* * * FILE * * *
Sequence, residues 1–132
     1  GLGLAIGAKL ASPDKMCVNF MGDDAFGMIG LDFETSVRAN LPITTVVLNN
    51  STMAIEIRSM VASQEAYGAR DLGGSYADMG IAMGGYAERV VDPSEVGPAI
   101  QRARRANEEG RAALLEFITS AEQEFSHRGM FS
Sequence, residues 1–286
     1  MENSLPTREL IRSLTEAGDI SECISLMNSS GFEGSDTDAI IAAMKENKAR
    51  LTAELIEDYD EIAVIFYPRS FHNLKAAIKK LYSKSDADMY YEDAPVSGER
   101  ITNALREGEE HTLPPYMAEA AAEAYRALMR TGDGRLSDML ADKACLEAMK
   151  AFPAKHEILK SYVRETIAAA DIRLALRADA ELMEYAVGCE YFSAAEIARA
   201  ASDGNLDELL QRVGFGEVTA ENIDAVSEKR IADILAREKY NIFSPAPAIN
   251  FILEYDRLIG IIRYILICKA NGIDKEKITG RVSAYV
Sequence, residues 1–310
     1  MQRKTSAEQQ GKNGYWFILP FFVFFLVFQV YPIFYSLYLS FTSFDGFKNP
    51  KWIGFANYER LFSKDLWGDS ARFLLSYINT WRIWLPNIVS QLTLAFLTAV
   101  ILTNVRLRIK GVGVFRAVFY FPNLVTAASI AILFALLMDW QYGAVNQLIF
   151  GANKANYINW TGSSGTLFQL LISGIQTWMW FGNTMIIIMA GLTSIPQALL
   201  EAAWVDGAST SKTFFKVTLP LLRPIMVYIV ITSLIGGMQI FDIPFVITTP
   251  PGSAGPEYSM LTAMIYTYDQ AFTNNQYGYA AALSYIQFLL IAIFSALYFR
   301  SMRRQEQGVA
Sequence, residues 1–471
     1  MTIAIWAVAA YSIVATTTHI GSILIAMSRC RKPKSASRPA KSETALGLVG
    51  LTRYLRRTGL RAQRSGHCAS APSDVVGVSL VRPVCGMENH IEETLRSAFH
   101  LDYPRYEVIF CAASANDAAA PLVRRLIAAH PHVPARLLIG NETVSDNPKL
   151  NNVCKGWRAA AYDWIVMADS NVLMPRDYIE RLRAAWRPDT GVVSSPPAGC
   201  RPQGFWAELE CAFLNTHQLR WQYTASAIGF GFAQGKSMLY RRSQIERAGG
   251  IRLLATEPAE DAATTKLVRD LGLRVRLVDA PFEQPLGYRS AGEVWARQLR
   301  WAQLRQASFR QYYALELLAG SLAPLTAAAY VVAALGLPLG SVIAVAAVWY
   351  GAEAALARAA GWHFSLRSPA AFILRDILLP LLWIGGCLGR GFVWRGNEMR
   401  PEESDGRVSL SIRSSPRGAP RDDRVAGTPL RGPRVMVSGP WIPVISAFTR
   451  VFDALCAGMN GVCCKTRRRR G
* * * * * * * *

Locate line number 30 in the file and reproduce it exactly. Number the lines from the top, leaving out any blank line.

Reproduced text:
   451  VFDALCAGMN GVCCKTRRRR G